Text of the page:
Fracking Operations Linked to Low Birth Weight: Study

The findings of new research suggest that women who live near fracking operations may be more likely to give birth to children with low birth weight, raising further concerns about the potential impacts of the controversial gas extraction wells. 

In a study published this month in the scientific journal PLOSOne, researchers from the University of Pittsburgh indicate that pregnant women who live near what are known as hydraulic fracturing operations generally delivered babies with a lower birth weight when compared to women who did not leave near the fracking wells while pregnant.

Fracking involves the injection of a mixture of water, sand and fluids, which the gas industry has fought to keep secret, into the ground at extremely high pressure, cracking shale deposits and freeing trapped natural gas, which can then be removed. Those fluids are then sucked from the ground and often disposed of in wastewater wells.

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The controversial process has come under increasing scrutiny over the last several years, as it has become an increasingly popular method of gas extraction with the development of new drilling techniques and the discovery of large shale reserves.

Critics have linked fracking to a variety of environmental problems, including pollution of from groundwater sources and increased truck traffic, as well as other concerns that can reduce property values and may sicken nearby residents.

Researchers in this latest report noted that other studies have already linked fracking operations to an increase in air pollutants, which in turn can create oxidative stress, which is believed to cause low birth weight and other problems.

The researchers pointed to a study in Colorado that revealed that those living within half a mile of a fracking well faced increased benzene exposure, as well as a study that found an increased risk of congenital heart defects and neural tube defects to children whose mothers were exposed to fracking operations as well.

In their own study, researchers looked at data on 15,451 births in southwest Pennsylvania from 2007 to 2010. They looked at where the mothers lived in relation to fracking wells and how many such wells were in the vicinity.

The findings suggest that women who lived closest to multiple wells had a 34% increased chance of giving birth to a baby with low birth weight. The researchers say that number comes after accounting for other factors that can affect a newborn’s weight, such as whether the mother smoked, the prenatal care she received, and the infant’s gender, among others.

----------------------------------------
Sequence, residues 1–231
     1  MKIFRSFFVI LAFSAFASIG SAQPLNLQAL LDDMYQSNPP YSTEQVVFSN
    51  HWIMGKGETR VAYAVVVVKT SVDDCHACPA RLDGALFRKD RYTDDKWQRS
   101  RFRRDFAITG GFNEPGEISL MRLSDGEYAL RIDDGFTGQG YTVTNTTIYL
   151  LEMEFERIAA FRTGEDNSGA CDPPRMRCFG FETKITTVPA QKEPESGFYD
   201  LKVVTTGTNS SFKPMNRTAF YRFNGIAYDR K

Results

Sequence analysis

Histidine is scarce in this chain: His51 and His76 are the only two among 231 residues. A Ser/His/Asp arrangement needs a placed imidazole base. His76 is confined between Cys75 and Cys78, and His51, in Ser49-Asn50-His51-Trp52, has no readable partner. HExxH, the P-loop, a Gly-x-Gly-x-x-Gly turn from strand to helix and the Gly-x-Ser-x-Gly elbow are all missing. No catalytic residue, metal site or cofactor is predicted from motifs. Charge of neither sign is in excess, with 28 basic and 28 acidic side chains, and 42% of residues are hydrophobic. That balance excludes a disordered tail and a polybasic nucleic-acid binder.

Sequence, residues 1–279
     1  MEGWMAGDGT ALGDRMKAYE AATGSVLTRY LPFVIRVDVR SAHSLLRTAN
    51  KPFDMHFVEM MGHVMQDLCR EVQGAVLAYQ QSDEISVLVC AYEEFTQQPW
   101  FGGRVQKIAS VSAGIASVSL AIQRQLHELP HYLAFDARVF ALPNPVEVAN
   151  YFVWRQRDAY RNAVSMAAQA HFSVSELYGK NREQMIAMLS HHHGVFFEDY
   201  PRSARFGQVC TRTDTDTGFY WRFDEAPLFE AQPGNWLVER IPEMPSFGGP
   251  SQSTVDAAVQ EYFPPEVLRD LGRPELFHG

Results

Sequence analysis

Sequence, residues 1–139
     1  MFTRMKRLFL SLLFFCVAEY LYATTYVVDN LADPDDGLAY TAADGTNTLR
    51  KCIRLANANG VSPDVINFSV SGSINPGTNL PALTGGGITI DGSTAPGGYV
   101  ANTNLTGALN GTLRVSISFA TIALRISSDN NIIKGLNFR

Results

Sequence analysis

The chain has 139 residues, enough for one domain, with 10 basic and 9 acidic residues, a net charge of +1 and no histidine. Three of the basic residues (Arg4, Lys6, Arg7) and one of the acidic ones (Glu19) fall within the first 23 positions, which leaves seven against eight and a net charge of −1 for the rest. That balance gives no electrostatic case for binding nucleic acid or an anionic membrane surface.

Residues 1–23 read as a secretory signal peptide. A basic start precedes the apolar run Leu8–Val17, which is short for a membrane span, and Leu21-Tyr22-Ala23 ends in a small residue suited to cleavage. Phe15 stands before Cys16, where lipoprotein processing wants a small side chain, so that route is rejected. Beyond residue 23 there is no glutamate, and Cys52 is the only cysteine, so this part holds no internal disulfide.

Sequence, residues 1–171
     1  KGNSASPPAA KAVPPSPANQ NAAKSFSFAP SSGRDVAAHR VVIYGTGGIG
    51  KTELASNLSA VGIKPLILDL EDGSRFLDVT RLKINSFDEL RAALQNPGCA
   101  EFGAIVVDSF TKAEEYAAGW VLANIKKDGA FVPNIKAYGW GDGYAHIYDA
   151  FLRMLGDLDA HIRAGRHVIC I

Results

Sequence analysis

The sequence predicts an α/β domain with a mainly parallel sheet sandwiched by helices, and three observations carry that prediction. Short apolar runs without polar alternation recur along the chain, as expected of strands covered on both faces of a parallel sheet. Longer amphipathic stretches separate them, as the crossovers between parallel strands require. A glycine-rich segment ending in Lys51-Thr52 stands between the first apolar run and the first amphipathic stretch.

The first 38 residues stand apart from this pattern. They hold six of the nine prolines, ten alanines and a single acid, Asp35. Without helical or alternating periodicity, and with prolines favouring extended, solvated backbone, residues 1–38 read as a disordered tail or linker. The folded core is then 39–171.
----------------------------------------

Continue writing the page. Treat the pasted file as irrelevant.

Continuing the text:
“Although neither the route (water, air or soil) of exposure nor etiologic agents could be addressed, this study is among the first to report a human health effect associated with hydrofracturing,” the researchers concluded. “The embryo/fetus is particularly sensitive to the effects of environmental agents, which can have significant lifetime consequences; therefore, further investigation appears warranted.”

The study’s findings came out at about the same time that the U.S. Environmental Protection Agency (EPA) issued a report admitting that fracking operations can cause water pollution, but that such contamination has not yet occurred in a widespread manner.

Fracking Health Concerns

Environmentalists, a number of lawmakers, local communities and consumer advocacy groups have expressed concerns for years that hydrofracking presents a threat to groundwater supplies and the environment.

The state of New York decided to ban some hydraulic fracturing late last year, after a state study found questions and concerns regarding the safety of large-scale extraction wells.

State officials said that a six-year study’s findings indicate dozens of significant potential adverse impacts, and found that the risks of high-volume hydraulic fracturing outweigh any potential economic benefits. That ban is expected to be expanded following a final version of that report released last month.

Last year, a Texas jury awarded $2.9 million in damages to a family who sued a hydraulic fracturing company for being a public nuisance. According to allegations raised in a fracking lawsuit filed by the Parr family, nearly two dozen wells near their property caused a private nuisance, exposing them to toxic chemicals that damaged their health and lowered property value.

Recently, a number of studies have shown that there may be a link between fracking and earthquakes, suggesting that the intense pressure from the unidentified fluids can cause ground tremors violent enough to damage property and cause injuries and possibly deaths.

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